Teaching ancient history can be difficult. You are dealing with what can seem a remote and lofty world which has little in common with ours, very often you are dealing in abstracts or people who at first glance have little in common with us. This is not true but it is a perception.
I remember someone once saying to be that seeing a temple for real helps it make sense. It is one of those things which always stuck in my head and resonated when I thought about my own experiences of travelling ancients sites.
Ok, so what we are talking about here is not quite the same as actually seeing something for real, but it is pretty close.
The Hestia technologies uses Google Earth to map the totality of Herodotus’ travels and histories. Loading up the technology onto Google Earth, I was stunned by something I had always taken for granted: the sheer range of Herodotus’ world from Western Europe right to India, with Egypt and north Africa thrown in. As the red dots mass around Greece and modern day Turkey, they then fan out to the Middle East and Iran and in the other direction to southern France and Spain.
It shows how much you often take for granted something you know well.
Moreover it is easy to use. Most students – of all ages – use Google Earth in the same way people my age would use a map or an atlas at school. They can navigate their way around the world easily and here the Hestia technologies just make it easier. They can do it themselves, which is much better than anyone doing it for them.
Piece by piece, bit by bit, and site by site they can slowly build up their own understanding of the ancient world whether it just knowing where Delphi is or being able to find out more about its oracle and temples – and really isn’t that what Herodotus wanted us to do.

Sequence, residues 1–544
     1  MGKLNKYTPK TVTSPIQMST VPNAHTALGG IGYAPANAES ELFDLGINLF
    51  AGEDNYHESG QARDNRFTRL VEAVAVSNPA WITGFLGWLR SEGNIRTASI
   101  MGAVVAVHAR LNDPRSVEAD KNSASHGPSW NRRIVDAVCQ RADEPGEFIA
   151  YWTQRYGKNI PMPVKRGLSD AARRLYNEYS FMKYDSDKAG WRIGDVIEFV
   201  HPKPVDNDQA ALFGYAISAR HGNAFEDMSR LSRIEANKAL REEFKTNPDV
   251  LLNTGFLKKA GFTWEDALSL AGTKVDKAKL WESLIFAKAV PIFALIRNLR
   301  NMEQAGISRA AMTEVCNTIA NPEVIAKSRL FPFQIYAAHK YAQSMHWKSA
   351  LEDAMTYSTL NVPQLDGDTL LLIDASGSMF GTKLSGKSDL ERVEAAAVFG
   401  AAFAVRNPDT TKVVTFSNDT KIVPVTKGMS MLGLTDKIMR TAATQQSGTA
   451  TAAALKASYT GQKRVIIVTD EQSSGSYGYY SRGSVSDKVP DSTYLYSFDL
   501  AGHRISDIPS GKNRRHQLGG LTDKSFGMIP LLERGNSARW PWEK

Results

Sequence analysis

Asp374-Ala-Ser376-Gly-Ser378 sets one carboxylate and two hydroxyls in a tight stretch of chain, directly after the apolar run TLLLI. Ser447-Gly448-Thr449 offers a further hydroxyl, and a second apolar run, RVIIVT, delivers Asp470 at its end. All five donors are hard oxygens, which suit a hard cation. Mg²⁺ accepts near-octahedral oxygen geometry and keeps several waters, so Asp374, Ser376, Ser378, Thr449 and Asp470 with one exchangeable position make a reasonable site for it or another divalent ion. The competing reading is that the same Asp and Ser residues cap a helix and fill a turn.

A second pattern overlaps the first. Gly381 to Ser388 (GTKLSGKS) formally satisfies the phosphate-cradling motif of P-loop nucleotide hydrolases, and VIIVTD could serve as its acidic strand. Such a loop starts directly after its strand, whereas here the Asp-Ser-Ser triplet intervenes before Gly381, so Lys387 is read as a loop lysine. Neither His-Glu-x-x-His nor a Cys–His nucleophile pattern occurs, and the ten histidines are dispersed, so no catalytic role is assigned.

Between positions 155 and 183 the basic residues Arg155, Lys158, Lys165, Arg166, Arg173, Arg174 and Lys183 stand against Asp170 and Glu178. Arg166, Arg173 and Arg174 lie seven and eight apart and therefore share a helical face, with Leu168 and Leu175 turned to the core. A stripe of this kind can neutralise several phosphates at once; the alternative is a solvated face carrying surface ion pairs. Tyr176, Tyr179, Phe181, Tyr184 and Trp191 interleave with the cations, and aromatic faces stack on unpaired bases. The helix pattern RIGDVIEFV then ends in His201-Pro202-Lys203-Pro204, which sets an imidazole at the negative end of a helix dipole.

Leading two workshops – in Bolton, and then in London – was a great experience. First I introduced the subject of the Greeks and the Persians to them before talking a little bit about Herodotus. Ok, some of this is pretty advanced stuff – maybe at first not all of them really engaged – but once they were able to use the technology themselves they really began to pay attention, taking notes on each site that they visited looking up at the board to see what Herodotus had written and then what they were seeing for themselves, and talking amongst themselves. The classroom was alive and – this is something I most like when teaching – I was doing very little and they were doing all the work. They even seemed to be enjoying the work.
For a teacher that is a result.
Comments from staff included:
“I think the technology/website has a lot of legs for use in the classroom. I can see how it could be used for a wide variety of classical topics (once available for other ancient sites). I can think of ways of incorporating the technology into different lessons. In terms of content, I can see how the workshop could work as part of a geography course. I feel it would work best as part of series of sessions rather than stand alone workshops.” – Gemma Ball.
Pupil comments included:
“It was good.”
“Seemed easy to use”
“Interesting, and if the software was downloaded we could have learned even more”
“Information was very good”
“Website was very fun to use and interesting”.
Trials have finished for the school year, but we look forward to taking part in further trials and development in the next one!